Secret Scotland

If it's secret, and in Scotland…

Sir jackie Stewart chosen to advise on motorsport safety

I was pleased to see that Sir Jackie Stewart was chosen to assist with a review of motorsport safety after the recent tragedy in the Borders:

MOTOR-RACING legend Sir Jackie Stewart is to give expert advice to the Scottish Government’s review of motorsport, set up to examine safety after the loss of life at the Jim Clark Rally last month.

The former Formula One world champion has spent much of his life fighting for improved safety at motorsport events.

Sir Jackie, 75, began his campaign after witnessing the deaths of fellow competitors including Scot and world champion Clark, who died at Hockenheim, Germany, in 1968.

Via Jackie Stewart to advise on rally safety review – The Scotsman

(Apologies if you see a blank box below, it seems that Getty has changed its coding, and their shared library images are no longer appearing as expected.)

While Sir Stirling Moss is often the name quoted, even today, when motorsport is referred to, his views are generally less than relevant or sensible, as he seems to be stuck in some sort of male-dominated macho past, where risking your life is essential to the nature of the sport, and he has also managed to put his foot in his mouth on at least one occasion, when referring to women’s place in this venture.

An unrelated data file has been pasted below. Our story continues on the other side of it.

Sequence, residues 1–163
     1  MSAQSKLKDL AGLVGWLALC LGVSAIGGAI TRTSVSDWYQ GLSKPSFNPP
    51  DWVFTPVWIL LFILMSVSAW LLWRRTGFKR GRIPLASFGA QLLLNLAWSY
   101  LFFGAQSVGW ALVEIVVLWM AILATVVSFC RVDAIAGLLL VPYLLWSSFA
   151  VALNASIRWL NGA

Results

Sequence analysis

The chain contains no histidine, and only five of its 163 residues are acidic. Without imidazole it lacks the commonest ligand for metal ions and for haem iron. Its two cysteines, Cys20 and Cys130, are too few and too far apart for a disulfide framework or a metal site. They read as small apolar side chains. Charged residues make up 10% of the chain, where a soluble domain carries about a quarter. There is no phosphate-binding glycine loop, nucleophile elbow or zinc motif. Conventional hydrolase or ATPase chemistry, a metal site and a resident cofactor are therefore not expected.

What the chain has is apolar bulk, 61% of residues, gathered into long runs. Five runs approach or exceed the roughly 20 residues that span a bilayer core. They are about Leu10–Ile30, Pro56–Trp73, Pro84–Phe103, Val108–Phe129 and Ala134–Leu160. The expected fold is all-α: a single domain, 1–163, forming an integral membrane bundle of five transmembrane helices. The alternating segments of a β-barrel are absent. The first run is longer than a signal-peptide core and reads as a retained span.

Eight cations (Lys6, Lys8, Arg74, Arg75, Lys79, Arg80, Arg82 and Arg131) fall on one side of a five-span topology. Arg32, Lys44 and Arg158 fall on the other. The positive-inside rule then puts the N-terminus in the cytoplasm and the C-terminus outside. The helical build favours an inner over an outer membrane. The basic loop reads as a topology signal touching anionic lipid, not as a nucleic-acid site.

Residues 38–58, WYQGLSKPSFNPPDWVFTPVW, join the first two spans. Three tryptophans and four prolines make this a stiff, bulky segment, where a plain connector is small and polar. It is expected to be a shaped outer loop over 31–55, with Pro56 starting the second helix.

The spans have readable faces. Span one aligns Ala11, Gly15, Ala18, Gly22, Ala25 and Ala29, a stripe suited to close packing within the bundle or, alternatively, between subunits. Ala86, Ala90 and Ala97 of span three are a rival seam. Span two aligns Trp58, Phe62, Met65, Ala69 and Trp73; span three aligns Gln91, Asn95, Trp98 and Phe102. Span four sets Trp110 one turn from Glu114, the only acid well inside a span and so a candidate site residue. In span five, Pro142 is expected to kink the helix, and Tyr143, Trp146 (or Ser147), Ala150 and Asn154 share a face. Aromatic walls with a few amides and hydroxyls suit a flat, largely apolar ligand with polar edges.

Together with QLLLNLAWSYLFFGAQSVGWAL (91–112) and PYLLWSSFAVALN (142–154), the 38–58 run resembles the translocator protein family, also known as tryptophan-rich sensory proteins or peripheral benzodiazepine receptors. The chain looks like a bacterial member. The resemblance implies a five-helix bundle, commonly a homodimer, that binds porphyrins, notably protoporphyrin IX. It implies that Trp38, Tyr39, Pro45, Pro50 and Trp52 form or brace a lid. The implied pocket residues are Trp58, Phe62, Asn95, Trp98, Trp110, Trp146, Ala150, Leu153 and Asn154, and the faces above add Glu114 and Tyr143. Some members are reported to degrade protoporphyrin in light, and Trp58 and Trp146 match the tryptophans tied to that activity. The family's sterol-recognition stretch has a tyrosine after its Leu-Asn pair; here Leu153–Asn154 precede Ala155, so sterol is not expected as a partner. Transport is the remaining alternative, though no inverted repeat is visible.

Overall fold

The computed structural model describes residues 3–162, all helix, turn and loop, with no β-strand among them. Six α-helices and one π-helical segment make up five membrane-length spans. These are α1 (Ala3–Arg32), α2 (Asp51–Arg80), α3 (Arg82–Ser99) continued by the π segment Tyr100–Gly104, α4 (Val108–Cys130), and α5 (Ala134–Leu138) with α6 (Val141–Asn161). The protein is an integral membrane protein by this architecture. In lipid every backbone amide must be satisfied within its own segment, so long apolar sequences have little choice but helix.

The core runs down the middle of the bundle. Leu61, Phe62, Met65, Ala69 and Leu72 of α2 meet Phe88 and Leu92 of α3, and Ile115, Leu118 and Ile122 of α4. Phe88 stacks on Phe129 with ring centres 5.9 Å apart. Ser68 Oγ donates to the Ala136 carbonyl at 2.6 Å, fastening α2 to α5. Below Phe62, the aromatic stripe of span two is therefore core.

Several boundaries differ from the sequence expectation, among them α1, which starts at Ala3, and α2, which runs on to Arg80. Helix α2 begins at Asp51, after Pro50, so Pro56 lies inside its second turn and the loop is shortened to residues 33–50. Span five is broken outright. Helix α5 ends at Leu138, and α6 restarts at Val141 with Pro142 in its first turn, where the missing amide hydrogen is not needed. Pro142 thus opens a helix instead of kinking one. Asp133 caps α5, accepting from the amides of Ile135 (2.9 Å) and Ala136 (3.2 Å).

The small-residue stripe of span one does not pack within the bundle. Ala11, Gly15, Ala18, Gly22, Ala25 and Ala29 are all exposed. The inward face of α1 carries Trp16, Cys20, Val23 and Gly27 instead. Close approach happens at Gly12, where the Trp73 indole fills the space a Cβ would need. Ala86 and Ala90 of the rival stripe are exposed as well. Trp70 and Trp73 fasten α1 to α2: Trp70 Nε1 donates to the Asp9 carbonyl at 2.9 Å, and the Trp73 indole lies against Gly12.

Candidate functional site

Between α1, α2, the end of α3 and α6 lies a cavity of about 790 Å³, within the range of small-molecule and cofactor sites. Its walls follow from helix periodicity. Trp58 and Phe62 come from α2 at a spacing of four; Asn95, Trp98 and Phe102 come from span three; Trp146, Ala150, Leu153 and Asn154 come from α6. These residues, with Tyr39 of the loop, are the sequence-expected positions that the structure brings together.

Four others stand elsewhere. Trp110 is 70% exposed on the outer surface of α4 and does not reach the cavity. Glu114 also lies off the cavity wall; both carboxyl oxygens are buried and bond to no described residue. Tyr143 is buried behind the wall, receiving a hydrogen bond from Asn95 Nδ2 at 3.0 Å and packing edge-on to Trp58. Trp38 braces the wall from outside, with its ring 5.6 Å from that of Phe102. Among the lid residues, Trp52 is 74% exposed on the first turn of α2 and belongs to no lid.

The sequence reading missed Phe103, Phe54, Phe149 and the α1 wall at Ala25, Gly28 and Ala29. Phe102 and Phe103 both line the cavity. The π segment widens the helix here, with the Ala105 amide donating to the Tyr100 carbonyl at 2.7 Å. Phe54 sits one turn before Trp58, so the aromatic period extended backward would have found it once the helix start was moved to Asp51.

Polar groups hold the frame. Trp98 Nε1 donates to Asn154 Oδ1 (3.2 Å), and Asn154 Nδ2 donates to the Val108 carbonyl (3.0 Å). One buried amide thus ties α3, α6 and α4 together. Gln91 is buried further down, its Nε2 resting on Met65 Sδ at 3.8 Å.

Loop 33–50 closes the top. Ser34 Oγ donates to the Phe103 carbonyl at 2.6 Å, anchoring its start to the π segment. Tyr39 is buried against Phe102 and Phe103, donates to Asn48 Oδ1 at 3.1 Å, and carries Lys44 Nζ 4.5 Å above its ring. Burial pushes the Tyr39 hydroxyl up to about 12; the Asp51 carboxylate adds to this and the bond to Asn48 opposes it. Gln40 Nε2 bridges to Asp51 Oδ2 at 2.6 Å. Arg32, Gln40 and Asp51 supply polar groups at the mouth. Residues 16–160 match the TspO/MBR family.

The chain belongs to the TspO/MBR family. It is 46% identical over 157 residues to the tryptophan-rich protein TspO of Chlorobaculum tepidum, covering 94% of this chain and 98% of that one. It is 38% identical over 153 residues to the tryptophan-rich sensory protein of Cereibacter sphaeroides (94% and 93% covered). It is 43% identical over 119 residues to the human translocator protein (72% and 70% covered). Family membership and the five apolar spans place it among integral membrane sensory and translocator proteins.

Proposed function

While I wouldn’t be too interested in taking his (Sir Stirling Moss’s) safety advice – if he were to offer it – Sir Jackie Stewart has been noted for is relevant views on the matter, and his own move out of the sport while he was still alive, and it was possibly at its most dangerous.

As regards observing at rallies, it’s something I’ve had the opportunity to do on few occasions, not because of lack of interest, but because I always thought I could see more by watching the televised reports. Being there in person may offer the experience, but is also limited to the spot you can visit, while the stages cover a much greater distance.

I did visit Ingleston to see the last appearance of the Group B cars before they were banned, and where they put on a great show of their power.

And I watched a stage that took place in Strathclyde Park, where I was reasonably close to becoming a victim in a corner incident – one car failed to negotiate a turn and came of the park road, spun, and took out the 4×4 wooden barrier which marked a pedestrian crossing, where a photographer had set up his tripod and had to run for his life. I was standing a few metres behind. I even got some pics of the aftermath, but they’re on film so I can’t slip them in here. On the other hand, they don’t show much, just the broken barrier stumps in the ground.

I never liked attending rallies, and did so only a few times, as the way many spectators ignore their own safety (and that of the drivers) by getting onto the road until the last moment (possibly in order to get a ‘great’ pic) was very off-putting, and I was always worried by those antics. I much preferred Knockhill.

However (and this is no reflection or comment on the Borders incident, of which I have no knowledge), it’s hard to see what you can do to protect people from themselves, without being overly protective, or even closing the stages.

The outcome will be interesting.

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June 21, 2014 - Posted by | Transport | , , , ,

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